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Warning over lack of checks for people in bins

More than two thirds of organisations do not have formal policies in place to prevent incidents with people sleeping in waste containers, a survey has suggested.

Research conducted by the Chartered Institution of Wastes Management (CIWM) in partnership with Biffa and rough sleepers charity StreetLink indicated that only 41 respondents had a system of checks in place, out of the 176 organisations surveyed.

The sample included waste management companies, local authorities, law firms, consultancies and universities.

Twenty-eight respondents said that they had found people sheltering in bins in the previous 12 months.

Biffa and the CIWM noted that guidance on the issue was available from the Health and Safety Executive (HSE).

Homeless people accounted for 58% of the cases reported.

The researchers acknowledged the number of respondents to the questionnaires was not high enough to undertake full statistical analysis, but hoped the report would raise awareness on the issues among stakeholders.

Ian Wakelin, chief executive at Biffa, said: “Only through understanding the experiences of the waste collection sector can we ensure that we are raising awareness in the most appropriate ways, and training our staff to be vigilant in their checks.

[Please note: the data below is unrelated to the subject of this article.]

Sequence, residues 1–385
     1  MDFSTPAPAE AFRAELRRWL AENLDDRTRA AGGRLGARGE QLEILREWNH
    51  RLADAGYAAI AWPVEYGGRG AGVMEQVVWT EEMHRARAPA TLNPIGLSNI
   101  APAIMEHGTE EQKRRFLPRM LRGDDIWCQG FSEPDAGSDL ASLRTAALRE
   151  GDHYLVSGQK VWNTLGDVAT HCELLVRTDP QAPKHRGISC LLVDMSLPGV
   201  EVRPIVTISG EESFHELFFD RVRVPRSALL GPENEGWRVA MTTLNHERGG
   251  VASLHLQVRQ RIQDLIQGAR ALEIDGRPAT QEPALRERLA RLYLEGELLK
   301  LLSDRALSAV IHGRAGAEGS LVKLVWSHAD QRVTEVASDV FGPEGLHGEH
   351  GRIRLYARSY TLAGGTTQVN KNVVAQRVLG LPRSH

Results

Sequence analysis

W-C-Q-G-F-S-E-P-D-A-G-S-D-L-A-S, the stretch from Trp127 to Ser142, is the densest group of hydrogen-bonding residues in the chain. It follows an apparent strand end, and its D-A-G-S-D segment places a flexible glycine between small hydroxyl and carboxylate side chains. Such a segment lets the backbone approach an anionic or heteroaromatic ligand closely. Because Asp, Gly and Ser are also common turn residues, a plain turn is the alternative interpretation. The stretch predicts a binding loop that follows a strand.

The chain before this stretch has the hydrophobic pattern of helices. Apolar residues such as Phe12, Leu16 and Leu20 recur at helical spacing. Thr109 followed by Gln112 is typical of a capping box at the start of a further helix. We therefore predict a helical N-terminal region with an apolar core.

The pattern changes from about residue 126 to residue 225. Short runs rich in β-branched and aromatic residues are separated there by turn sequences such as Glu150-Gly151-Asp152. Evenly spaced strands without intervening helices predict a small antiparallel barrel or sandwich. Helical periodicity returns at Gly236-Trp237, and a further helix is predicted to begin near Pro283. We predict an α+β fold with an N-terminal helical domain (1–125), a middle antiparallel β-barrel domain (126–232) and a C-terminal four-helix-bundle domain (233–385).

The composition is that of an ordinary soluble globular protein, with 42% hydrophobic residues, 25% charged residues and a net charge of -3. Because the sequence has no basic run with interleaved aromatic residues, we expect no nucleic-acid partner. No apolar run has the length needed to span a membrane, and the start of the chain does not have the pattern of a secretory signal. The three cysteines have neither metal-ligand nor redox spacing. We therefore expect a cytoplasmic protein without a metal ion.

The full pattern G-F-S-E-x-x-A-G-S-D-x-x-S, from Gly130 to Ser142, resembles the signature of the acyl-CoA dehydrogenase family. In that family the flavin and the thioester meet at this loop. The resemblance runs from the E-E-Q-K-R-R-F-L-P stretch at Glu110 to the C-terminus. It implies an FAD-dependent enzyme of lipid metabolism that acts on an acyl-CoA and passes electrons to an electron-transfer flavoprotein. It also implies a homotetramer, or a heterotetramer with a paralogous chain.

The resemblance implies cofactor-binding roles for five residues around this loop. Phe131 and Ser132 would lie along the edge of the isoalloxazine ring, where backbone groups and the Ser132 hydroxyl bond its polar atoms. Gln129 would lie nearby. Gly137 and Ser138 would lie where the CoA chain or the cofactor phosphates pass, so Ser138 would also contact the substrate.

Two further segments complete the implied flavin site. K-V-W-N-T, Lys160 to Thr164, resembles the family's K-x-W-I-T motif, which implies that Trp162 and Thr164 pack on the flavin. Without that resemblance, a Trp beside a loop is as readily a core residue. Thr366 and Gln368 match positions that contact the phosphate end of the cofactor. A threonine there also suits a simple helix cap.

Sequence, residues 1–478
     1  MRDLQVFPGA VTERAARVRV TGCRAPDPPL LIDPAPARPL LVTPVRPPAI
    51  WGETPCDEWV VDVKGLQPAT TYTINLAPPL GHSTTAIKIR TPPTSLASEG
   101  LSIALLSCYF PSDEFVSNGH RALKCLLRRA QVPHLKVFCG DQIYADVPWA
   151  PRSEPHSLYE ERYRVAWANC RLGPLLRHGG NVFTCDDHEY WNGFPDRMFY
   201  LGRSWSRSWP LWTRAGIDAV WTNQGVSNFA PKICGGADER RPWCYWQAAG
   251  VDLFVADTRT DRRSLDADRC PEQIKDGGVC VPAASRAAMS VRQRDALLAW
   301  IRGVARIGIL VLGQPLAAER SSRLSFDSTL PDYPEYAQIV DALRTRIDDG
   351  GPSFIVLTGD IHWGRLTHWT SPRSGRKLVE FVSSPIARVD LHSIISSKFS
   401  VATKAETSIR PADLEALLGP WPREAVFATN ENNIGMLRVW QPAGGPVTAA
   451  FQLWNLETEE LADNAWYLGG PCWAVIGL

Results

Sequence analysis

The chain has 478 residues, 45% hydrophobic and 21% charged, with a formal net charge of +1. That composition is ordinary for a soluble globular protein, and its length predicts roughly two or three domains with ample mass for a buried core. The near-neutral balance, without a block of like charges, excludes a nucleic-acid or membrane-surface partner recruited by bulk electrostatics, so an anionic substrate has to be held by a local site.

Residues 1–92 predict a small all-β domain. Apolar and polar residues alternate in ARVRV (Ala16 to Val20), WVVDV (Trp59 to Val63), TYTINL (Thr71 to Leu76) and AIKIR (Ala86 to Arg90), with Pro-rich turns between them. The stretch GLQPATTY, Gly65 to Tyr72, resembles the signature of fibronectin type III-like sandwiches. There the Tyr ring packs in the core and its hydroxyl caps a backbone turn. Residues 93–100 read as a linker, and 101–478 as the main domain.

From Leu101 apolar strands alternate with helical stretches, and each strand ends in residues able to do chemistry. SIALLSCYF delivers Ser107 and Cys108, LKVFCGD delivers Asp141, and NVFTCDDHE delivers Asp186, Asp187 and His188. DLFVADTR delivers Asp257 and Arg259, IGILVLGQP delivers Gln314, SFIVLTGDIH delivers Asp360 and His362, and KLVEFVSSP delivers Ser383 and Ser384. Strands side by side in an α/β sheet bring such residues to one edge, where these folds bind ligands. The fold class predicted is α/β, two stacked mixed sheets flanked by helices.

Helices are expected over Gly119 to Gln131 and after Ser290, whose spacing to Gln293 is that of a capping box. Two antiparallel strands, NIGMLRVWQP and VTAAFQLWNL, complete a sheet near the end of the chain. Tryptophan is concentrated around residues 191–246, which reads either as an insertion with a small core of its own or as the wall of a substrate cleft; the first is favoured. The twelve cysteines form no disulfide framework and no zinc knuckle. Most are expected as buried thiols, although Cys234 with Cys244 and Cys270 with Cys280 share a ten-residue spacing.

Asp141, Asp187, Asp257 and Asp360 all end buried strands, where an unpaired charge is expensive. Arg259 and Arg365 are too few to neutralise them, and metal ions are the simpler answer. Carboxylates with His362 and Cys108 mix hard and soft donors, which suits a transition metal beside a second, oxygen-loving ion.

“Protecting the lives of rough sleepers is absolutely vital and this study will bring us one step closer to that goal.”

Recently a man was crushed to death in a skip in Yorkshire. The coroner returned a verdict of accidental death and said he would be writing to Kirklees Council to “explore the possibility of remedial measures” for binmen to check skips and bins.

The HSE has investigated three fatalities in bins in 2009/2010, and a further three in 2012/13.

Measures to avoid incidents includes:

  • Instruct crew to check inside bins
  • Include people sleeping in bins in risk assessment
  • Instruct crew to bang on bins
  • Reporting and recording procedure
  • Provide bins that lock
  • Instruct crew to look for signs of homeless sleepers in area
  • Instruct customer to lock bin
  • Locate bins in a secure area
  • Provide warning labels on bins and containers

The HSE also recommends that bins being emptied by front-end loaders should, in addition to being manually checked, be tapped or banged on the floor using the lift mechanism.

The study suggested that people are most likely, though not exclusively, to be found sleeping in unlocked bins stored at the rear or side of buildings and largely in urban areas (see box below).

The most typical scenario for a recorded incident of finding someone sheltering in a bin:

  • A homeless person (58%)
  • In an urban area (88%)
  • At dawn, dusk or night (90%)
  • In wet or cold weather conditions (73%)
  • In a 1100 litre bin (65%) with no lock (50%)
  • At the rear or side of the premises (73%)

 

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